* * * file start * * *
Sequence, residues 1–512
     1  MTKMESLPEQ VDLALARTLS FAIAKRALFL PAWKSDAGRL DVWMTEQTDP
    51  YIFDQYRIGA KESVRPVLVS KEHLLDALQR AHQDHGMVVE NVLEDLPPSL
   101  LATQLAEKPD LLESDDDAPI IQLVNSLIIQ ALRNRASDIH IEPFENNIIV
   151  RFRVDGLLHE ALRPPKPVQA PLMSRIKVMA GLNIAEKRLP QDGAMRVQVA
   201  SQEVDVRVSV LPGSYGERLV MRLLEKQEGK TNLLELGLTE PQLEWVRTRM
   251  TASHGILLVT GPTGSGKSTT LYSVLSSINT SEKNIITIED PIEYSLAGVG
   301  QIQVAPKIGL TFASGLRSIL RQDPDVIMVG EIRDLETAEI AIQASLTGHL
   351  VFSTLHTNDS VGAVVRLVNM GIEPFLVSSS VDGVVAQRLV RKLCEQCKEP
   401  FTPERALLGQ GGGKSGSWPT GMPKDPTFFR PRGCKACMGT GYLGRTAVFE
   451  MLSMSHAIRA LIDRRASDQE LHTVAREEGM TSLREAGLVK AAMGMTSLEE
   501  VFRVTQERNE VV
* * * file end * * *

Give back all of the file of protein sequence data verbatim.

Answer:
Sequence, residues 1–512
     1  MTKMESLPEQ VDLALARTLS FAIAKRALFL PAWKSDAGRL DVWMTEQTDP
    51  YIFDQYRIGA KESVRPVLVS KEHLLDALQR AHQDHGMVVE NVLEDLPPSL
   101  LATQLAEKPD LLESDDDAPI IQLVNSLIIQ ALRNRASDIH IEPFENNIIV
   151  RFRVDGLLHE ALRPPKPVQA PLMSRIKVMA GLNIAEKRLP QDGAMRVQVA
   201  SQEVDVRVSV LPGSYGERLV MRLLEKQEGK TNLLELGLTE PQLEWVRTRM
   251  TASHGILLVT GPTGSGKSTT LYSVLSSINT SEKNIITIED PIEYSLAGVG
   301  QIQVAPKIGL TFASGLRSIL RQDPDVIMVG EIRDLETAEI AIQASLTGHL
   351  VFSTLHTNDS VGAVVRLVNM GIEPFLVSSS VDGVVAQRLV RKLCEQCKEP
   401  FTPERALLGQ GGGKSGSWPT GMPKDPTFFR PRGCKACMGT GYLGRTAVFE
   451  MLSMSHAIRA LIDRRASDQE LHTVAREEGM TSLREAGLVK AAMGMTSLEE
   501  VFRVTQERNE VV